Volume 80, Number 38 | February 17 - 24, 2011
West and East Village, Chelsea, Soho, Noho, Little Italy, Chinatown and Lower East Side, Since 1933

Talking

Photo by Battman Studios

Overhead decorations and vendors’ signs festooned Mulberry St. during the 2009 Feast of San Gennaro.

The Feast of San Gennaro must return to its roots

By Victor J. Papa

San Gennaro’s lore as a martyred saint under Emperor Diocletian, indeed Gennaro’s life and his miracles, have imbued the soul of Naples and her people for centuries. This is the same Neapolitan soul that was borne by a poor and noble immigrant people over the Atlantic Ocean all the way to Mulberry St. during the great immigration phase of 19th-century American history. Thus, the San Gennaro Feast, firmly established in his name and consistently celebrated since 1926, is a public manifestation of an Italian immigrant group’s reverence for celebrating their saint’s day on Sept. 19.

So how come Community Board 2 doesn’t necessarily see it that way? Why have some local residents lost tolerance for it? Why do some of the merchants along Mulberry St. agonize over its duration? Some say it’s a question of authenticity — a feast afflicted with serious deficiencies as hard to defend as they are easy to exploit by anyone who, for whatever reason, chooses to take issue with it.

I derive a right to say these things. I am a Catholic, an Italian-American and a New Yorker. I live and work in Downtown Manhattan. And I work every day in the interests of the Little Italy merchants and tenants toward furthering tenant rights, economic recovery and the historic preservation of what is now a neighborhood quite near extinction, in spite of the fact that it is a major tourist and visitor destination. It is a historic neighborhood important to understanding the Italian immigrant experience in American social history. Intrinsic to its unique ethnic identity is the San Gennaro Feast — a boon to New York City and an icon to Italian-Americans all over the nation. But the fate of this very vulnerable neighborhood must not be forsaken and left to the risks of an annual event increasingly bereft of the imagination, reverence and soul upon which it was founded.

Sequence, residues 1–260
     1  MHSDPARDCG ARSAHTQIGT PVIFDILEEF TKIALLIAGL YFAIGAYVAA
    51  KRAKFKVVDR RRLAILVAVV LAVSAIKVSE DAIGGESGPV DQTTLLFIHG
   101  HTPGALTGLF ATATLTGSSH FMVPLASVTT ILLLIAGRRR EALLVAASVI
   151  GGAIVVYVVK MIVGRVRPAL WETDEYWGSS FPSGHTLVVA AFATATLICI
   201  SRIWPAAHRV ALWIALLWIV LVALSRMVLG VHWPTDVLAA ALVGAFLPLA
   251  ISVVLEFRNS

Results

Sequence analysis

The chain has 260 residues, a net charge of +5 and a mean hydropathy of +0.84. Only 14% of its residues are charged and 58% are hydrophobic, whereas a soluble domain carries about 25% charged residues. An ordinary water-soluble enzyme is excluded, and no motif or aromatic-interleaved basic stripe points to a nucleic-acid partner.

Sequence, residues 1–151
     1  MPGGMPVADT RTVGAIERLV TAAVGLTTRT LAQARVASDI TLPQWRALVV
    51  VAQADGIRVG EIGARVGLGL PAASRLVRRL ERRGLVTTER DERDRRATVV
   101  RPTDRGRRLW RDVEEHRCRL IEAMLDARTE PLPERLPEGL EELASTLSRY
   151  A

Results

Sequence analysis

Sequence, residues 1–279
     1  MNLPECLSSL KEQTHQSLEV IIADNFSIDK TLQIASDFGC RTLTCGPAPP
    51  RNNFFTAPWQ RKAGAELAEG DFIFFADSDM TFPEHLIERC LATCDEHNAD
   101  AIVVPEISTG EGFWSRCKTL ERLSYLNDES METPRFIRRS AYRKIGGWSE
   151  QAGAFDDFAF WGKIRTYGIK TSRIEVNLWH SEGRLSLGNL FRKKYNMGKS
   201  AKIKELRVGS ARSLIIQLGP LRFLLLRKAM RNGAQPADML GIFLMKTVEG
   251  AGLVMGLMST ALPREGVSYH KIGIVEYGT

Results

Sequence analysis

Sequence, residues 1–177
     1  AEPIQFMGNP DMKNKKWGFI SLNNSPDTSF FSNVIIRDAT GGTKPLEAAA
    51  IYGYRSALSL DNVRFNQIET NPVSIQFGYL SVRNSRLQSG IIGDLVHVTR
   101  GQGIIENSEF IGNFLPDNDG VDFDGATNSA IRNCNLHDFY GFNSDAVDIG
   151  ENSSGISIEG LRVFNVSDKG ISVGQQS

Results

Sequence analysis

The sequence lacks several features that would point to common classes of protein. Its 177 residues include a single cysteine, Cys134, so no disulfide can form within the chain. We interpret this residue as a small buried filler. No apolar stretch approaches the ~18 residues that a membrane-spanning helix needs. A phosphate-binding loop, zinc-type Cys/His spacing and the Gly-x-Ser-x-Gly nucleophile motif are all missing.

The feast’s sponsors need to come to terms with this fact — and also acknowledge that criticisms about the feast are sentiments shared by many Italian-Americans. And because they come from within the Italian-American community, these critiques might hold more validity than anyone else’s. And because they come from within that community, they cannot easily be summarized as bigotry or as anti-Catholic. For how can anyone who takes issue with the feast be characterized as “anti-Catholic” or as “anti-Italian” if there is hardly anything about the feast that is Catholic or Italian to offend? The feast sponsors are responsible for protecting Catholic identity and Italian heritage, as the nature of the event implies. They can only assume that role by being more authentically Catholic and more authentically Italian in their obligation to restore to the feast the best that those two traditions have to offer. That means restoring the feast to its rightful religious and ethnic authenticity — or, I fear, there goes the feast, along with its symbiotic partner, Little Italy.

Also important is the idea that the feast is not the exclusive domain of anyone: not the sponsors, not the community board, not the residents or merchants of Little Italy, and not the city of New York. The feast is also to be reclaimed by Italian-Americans at large. They, too, are major stakeholders and have a rightful voice to re-imagine the feast, insisting that it become an educational and cultural enterprise of a civilization worthy of imparting on Mulberry St. (sorry, Diocletian) Dante’s poetry, Rossini’s never-ending overtures, or the wonders of Michelangelo’s incomparable, sculptured marble — a bold display of a heritage that goes beyond offensive caricatures. What an opportune time, as well, to mark in a moment of solemnity the tragedy of 9/11, and the centennial of the Italian Republic, or to consider the feast as an opportunity to invite the city of Naples — and its archbishop, Cardinal Sepe — to participate.

And yes, the feast should be extended all the way to Houston St. But certainly not at the cost of the debacle that merchants and residents there had to endure last year. If the novelty of caged animals and unregulated A.T.M. machines was the creative answer to filling the gap between Kenmare and Houston Sts., then what could be said of the sponsors affronting the ennobled basilica of St. Patrick’s Old Cathedral, and the nearby residents and merchants, with such a display?

The need for a dialogue within the community is all too obvious and urgent and it should be initiated by the feast sponsors now. It must be a dialogue that engages elected officials, community board members and the basilica, and that includes the residents and merchants of Little Italy and Nolita and, not least, Italian-American organizations. It should be an open and welcoming dialogue, creative and resolute toward resolving the hard questions about the feast itself, with a clear focus and vision to restoring its relevancy and its authenticity to a level worthy of San Gennaro’s enduring patronage of Naples and Little Italy.

 

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